'Perpetual Fear': Repetition and Fantasy in the Plot against America by Philip Roth

By Chard-Hutchinson, Martine | Human Architecture: Journal of the Sociology of Self-Knowledge, Spring 2009 | Go to article overview

'Perpetual Fear': Repetition and Fantasy in the Plot against America by Philip Roth


Chard-Hutchinson, Martine, Human Architecture: Journal of the Sociology of Self-Knowledge


Fear presides over these memories, a perpetual fear.

Of course no childhood is without its terrors, yet I wonder if I would have been a less frightened boy if Lindbergh hadn't been president or if I hadn't been the offspring of

Jews. (Plot 1)

Fear certainly presides over the incipit of Philip Roth's The Plot against America, a Novel, published in 2004; the very first sentence literally encapsulates the whole narrative beginning with the word fear and ending with a chapter entitled "Perpetual fear." As a matter of fact this forceful incipit gives the key to the novel's major thematic content (fear) as well as to the main narrative strategy: repetition, so systematic a repetition that it creates clusters of obsession. And it so happens that this hyperbolic, all-invading fear is made all the more powerful as it is still there, poisoning the narrator's present narration of his past memories. There is no paranoia, though, as some critics may have suggested. For what is this time-transcending "perpetual fear" directly connected with "Jews" if not a euphemistic reference to antisemitism?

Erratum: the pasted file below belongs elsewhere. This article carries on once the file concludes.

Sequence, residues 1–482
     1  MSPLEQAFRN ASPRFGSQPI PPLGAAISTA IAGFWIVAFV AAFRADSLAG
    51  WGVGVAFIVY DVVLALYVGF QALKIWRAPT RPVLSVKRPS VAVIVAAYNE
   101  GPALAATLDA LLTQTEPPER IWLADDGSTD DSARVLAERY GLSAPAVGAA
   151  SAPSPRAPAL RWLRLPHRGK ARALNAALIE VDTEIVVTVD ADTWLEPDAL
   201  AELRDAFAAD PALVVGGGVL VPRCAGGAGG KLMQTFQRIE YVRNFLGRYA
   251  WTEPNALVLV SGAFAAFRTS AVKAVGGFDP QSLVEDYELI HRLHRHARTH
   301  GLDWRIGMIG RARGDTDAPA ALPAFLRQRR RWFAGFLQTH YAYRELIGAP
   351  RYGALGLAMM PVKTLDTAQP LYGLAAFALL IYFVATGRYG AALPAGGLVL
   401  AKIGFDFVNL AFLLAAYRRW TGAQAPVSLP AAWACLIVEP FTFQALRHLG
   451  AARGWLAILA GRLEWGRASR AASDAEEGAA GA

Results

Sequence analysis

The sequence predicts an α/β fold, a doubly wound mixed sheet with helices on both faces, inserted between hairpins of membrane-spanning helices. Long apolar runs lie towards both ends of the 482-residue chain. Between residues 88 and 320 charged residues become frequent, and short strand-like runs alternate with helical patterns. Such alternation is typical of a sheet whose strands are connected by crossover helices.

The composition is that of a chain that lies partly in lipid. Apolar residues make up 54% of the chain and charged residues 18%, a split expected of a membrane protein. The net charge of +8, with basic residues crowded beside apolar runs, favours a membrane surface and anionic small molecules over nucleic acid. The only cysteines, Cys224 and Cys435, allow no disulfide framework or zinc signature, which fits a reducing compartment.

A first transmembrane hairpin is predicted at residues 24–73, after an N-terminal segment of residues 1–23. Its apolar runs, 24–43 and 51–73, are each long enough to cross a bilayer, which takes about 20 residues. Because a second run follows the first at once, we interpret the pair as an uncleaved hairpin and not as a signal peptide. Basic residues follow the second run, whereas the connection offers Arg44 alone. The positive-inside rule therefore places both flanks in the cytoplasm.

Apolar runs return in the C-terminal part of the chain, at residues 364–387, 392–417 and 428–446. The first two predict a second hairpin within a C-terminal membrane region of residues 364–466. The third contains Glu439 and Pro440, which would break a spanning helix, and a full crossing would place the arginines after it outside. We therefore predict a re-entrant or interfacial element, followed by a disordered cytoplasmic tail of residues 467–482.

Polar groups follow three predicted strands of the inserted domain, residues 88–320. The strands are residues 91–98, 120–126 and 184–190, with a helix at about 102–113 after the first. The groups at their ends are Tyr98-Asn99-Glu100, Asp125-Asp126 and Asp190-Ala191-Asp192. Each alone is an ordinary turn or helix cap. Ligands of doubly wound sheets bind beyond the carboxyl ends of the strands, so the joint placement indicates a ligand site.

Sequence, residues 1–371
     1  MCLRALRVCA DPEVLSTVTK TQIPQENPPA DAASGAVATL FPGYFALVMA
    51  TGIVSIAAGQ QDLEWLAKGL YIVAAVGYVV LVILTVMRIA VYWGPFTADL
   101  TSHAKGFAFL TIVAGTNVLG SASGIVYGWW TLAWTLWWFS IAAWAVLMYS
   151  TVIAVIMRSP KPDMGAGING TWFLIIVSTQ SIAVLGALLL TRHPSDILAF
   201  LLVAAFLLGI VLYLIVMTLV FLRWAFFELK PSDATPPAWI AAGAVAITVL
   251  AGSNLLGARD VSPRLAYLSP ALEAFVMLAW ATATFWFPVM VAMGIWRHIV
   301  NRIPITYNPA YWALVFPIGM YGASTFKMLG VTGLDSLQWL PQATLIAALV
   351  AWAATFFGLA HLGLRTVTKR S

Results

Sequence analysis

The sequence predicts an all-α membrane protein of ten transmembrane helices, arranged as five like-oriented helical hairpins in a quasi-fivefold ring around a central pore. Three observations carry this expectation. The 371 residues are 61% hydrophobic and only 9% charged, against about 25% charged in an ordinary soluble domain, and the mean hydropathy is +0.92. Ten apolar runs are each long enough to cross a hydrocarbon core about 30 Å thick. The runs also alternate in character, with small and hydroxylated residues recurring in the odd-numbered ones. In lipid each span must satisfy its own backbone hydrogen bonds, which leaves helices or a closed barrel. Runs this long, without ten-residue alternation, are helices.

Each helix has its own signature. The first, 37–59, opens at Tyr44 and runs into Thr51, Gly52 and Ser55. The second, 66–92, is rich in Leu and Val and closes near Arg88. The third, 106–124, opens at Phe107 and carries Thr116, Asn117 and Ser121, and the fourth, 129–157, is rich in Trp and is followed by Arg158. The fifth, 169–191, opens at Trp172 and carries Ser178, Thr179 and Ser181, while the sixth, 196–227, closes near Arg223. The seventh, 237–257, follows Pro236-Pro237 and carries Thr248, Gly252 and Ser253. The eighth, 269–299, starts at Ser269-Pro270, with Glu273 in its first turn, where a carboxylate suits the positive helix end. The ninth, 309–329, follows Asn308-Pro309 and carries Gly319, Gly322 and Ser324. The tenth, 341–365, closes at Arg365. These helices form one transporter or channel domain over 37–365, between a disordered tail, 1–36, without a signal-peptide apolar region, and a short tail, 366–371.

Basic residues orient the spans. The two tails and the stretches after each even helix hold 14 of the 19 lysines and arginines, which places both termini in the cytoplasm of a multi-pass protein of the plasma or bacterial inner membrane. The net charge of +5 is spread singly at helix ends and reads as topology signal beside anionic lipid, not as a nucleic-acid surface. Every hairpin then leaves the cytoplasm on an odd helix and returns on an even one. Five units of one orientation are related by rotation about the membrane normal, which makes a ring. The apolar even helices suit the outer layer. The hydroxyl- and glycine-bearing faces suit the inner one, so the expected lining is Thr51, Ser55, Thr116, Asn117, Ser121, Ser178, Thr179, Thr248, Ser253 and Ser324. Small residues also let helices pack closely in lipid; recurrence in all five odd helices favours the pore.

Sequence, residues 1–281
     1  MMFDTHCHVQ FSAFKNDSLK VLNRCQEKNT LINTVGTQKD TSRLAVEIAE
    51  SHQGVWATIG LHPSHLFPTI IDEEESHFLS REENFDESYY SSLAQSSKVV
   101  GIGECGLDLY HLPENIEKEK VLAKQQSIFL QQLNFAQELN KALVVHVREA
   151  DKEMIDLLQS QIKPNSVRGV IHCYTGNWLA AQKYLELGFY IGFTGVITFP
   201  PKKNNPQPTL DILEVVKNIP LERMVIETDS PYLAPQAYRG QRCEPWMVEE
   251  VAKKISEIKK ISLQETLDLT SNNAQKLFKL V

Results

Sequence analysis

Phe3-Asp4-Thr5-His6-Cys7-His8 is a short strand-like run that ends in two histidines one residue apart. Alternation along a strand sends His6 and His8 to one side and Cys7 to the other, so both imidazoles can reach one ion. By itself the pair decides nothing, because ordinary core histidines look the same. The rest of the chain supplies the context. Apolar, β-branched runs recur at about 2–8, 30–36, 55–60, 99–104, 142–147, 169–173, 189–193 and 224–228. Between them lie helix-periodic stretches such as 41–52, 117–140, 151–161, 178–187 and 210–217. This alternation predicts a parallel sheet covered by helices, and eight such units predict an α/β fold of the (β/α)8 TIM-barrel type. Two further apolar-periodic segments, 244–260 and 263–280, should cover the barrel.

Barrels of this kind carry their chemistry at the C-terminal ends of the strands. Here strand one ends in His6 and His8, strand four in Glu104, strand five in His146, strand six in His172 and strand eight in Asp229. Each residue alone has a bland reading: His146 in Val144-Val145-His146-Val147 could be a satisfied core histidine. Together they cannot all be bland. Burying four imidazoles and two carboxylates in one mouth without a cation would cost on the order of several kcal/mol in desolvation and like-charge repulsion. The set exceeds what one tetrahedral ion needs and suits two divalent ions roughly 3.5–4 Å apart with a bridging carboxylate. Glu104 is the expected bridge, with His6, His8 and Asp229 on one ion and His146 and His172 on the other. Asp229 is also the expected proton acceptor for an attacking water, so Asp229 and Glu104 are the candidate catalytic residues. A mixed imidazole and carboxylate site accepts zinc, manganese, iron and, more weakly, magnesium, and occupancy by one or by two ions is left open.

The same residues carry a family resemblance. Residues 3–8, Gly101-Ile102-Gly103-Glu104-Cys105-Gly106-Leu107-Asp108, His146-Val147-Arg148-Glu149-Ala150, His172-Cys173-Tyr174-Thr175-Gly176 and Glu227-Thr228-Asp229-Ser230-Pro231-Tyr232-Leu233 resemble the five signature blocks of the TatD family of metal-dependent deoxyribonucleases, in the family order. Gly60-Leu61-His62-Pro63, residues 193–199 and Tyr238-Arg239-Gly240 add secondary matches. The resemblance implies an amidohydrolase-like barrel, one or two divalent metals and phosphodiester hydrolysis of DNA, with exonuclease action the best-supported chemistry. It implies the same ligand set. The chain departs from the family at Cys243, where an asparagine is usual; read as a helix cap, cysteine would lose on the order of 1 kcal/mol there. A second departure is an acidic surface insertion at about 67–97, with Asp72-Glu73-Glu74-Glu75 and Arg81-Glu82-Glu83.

Besides, "perpetual fear" indirectly recalls the "eternal antisemitism" doctrine that Hannah Arendt denounced as "giv[ing] the best possible alibi for all horrors" (Arendt 7) in her chapter about "Antisemitism as an outrage to common sense" in The Origins of Totalitarianism (1951, revised 1973). This is not to say that The Plot Against America is to be read as a theoretical essay on antisemitism or even a belated response to Arendt; it is to be read for what it is: a novel, and one of a most provocative kind, for sure, on the "what if" mode, what if America had gone fascist and elected an overtly antisemitic president? Let's say that the result proves Arendt totally right: it's "all horrors," martial law, riots, massacres, pogroms and murder and there's very little outcry from "ordinary" American citizens. Those that dare speak out, like Walter Winchell on the radio or F.D. Roosevelt, are silenced one way or another, temporarily "detained" in Roosevelt's case or simply "murdered" like Winchell.

This "terrific political novel" (Paul Berman, The New York Times Book Review) which was published three years after the 9/11 tragic events did not raise the big controversy some of the critics announced, maybe because Roth made it perfectly clear in his "Postscript Note to the Reader" that " The Plot Against America [was] a work of fiction" (Plot 364). And the book was well received as such: "a fable of an alternative universe" (Berman), "a stunning work of political extrapolation" (Charles). To go on with the reception of the book, let's mention that some critics pointed at a subtext about the Bush administration and the dangers of isolationism in American contemporary policies after the 9/11 events, which Roth repeatedly denied. And also a jarring note coming from Bill Kauffman (from The American Conservative) who denounced The Plot as "a repellent novel, bigoted and libelous of the dead, dripping with hatred of rural America, of Catholics, of any Middle American who has ever dared stand against the war machine" (Kauffman 2004). Charles Lindbergh as the point of junction between fantasy and antisemitism in the Roth novel is precisely what the controversy originates in and feeds on. So Lindbergh as the illustration of the fiction and history (or "Counterhistory") interplay in the novel will be discussed with special emphasis on his function in the building up of "the terror of the unforeseen."

I. 'The terror of the unforeseen " (Plot 113): History or Counterhistory?

The terror of the unforeseen is what the science of history hides,